Transitioning towards plant-based foods is a key factor in reducing our environmental footprint, leading to lower greenhouse gas emissions, reduced water usage and pollution, reduced land use and deforestation, as well as  the potential to rewild land previously used for animal agriculture. A transition towards plant-based diets is a significant step towards biodiversity conservation and more sustainable land use, highlighting the importance of individual dietary choices in environmental sustainability.

The study Reducing food’s environmental impacts through producers and consumers by J. Poore and T. Nemecek (2018, updated 2019) from the University of Oxford, published in the journal Science, provided a comprehensive analysis of the environmental impact of agriculture. Key findings include:

Significantly negative environmental impacts from animal agriculture:  “The impacts of animal products can markedly exceed those of vegetable substitutes to such a degree that meat, aquaculture, eggs, and dairy use 75%- 83% of the world’s farmland and contribute 56 to 58% of food’s different emissions, despite providing only 37% of our protein and 18% of our calories.” Reducing food’s environmental impacts through producers and consumers

Potential for Reduction: The study suggested that a shift towards plant-based diets could substantially reduce global greenhouse gas emissions. This reduction could be as much as 73% in scenarios where people adopt vegan diets.

Our World in Data - Global Land Use for Agriculture Across Different Diets
Our World In Data - Land Use Diets
GHG emissions per 100 grams of protein
Our World In Data - Protein GHGs

The United Nations Environment Programme (UNEP), Chatham House and Compassion in World Farming launched in partnership, a Chatham House report Food system impacts on biodiversity loss | UNEP – UN Environment Programme which states that “Our global food system is the primary driver of biodiversity loss, with agriculture alone being the identified threat to 24,000 of the 28,000 (86%) species at risk of extinction. The global rate of species extinction today is higher than the average rate over the past 10 million years.”

“A reform of food systems is a matter of urgency and needs to  focus on three interdependent actions:

  1. Firstly, global dietary patterns need to move towards more plant-heavy diets, mainly due to the disproportionate impact of animal agriculture on biodiversity, land use and the environment. Such a shift, coupled with the reduction of global food waste, would reduce demand and the pressure on the environment and land, benefit the health of populations around the world, and help reduce the risk of pandemics.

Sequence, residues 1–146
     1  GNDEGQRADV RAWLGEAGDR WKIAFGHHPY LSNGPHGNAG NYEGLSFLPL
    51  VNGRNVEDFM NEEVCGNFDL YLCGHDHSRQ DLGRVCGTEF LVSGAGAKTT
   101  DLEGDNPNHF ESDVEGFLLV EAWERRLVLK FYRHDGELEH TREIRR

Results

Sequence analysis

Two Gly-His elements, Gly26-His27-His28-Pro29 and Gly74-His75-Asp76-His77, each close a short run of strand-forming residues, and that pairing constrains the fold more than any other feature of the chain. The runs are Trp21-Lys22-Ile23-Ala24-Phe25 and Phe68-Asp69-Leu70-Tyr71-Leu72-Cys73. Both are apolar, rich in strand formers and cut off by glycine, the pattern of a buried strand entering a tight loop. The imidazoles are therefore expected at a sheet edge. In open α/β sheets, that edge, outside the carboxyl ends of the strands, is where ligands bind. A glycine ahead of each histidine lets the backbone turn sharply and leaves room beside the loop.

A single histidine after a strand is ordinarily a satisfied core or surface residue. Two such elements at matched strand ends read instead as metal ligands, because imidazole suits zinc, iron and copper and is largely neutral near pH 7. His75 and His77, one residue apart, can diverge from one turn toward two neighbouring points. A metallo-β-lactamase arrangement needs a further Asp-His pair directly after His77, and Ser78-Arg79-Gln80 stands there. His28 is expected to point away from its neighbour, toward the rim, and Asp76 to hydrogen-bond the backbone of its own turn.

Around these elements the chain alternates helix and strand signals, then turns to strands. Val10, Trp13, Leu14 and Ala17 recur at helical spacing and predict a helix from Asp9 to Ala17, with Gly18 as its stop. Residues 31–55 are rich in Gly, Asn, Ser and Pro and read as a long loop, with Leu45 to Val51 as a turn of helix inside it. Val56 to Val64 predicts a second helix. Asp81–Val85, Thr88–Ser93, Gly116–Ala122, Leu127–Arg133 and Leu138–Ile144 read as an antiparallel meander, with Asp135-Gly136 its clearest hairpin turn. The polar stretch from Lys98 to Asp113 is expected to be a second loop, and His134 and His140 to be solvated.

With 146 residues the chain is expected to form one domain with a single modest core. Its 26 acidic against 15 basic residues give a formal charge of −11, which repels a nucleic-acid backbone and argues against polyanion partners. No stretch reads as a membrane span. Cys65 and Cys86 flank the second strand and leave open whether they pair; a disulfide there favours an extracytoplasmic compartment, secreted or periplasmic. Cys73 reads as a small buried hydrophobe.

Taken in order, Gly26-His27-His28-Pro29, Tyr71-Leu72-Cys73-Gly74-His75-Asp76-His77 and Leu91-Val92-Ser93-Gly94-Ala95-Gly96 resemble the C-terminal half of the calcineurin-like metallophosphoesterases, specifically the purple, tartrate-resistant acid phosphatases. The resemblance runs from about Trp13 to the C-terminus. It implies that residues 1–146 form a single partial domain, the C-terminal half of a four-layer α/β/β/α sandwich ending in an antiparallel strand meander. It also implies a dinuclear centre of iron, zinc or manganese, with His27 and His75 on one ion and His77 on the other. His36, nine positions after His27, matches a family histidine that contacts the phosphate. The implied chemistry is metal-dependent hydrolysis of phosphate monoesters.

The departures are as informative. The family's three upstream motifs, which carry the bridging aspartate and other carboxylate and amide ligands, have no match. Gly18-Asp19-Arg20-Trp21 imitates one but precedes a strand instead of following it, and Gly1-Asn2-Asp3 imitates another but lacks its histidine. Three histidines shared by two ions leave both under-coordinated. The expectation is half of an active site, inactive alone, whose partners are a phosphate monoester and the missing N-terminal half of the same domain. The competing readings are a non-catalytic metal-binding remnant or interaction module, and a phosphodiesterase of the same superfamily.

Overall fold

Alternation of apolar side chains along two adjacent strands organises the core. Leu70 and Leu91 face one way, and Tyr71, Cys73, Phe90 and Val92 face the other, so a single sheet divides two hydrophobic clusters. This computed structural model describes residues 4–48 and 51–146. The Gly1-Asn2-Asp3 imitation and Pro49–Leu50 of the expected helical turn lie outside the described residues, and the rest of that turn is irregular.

2. Secondly, more land needs to be protected and set aside for nature. The greatest gains for biodiversity will occur when we preserve or restore whole ecosystems. Therefore, we need to avoid converting land for agriculture. Human dietary shifts are essential in order to preserve existing native ecosystems and restore those that have been removed or degraded.
  3. Thirdly, we need to farm in a more nature-friendly, biodiversity-supporting way, limiting the use of inputs and replacing monoculture with polyculture farming practices. “ 
Environmental footprints of dairy and plant-based milks

Dairy milk production is associated with higher greenhouse gas emissions, land use, and water consumption compared to plant-based alternatives like soy milk. This makes plant-based milks a more environmentally friendly option. 4

Dairy farming, which involves cattle grazing and feed crop cultivation, requires approximately ten times the land needed for producing plant-based milk alternatives. Additionally, the process of producing cow’s milk is associated with 3 times more  greenhouse gas emissions than plant-based milk. This is largely due to methane, a potent greenhouse gas, which is emitted by cows. Plant-based milks generate about a third of the greenhouse gas emissions compared to cow’s milk.5

Furthermore, cow’s milk production is significantly more water-intensive, requiring between two to twenty times more freshwater. This high water demand is linked to the water required for feed crop irrigation and cattle hydration. Lastly, cow’s milk production contributes to higher levels of eutrophication – the excessive richness of nutrients in bodies of water, often due to runoff from the land, which causes a dense growth of plant life and death of animal life from lack of oxygen. This phenomenon is exacerbated by the nutrient-rich waste produced in dairy farming. These environmental impacts highlight the sustainability advantages of plant-based milk alternatives. 

With respect to soy milk, it is important to note that 95% of Brazilian soy is used for animal feed. Globally, more than three-quarters 6 of soy, by mass, is used for animal feed. The other main co-product is soybean oil. This means that very little of Amazonian land-use pressures from soy have been driven by crops for direct human consumption; most is for animal feed.

For precise figures and further details, you can refer to studies such as “Reducing food’s environmental impacts through producers and consumers” 1, 2  by J. Poore and T. Nemecek, published in Science which provides a comprehensive analysis of the environmental impacts of various food products, including dairy and plant-based alternatives. Additionally, the report from the Food and Agriculture Organization of the United Nations (FAO)  Livestock’s Long Shadow 6  provides extensive data on the environmental impact of livestock farming, including dairy production.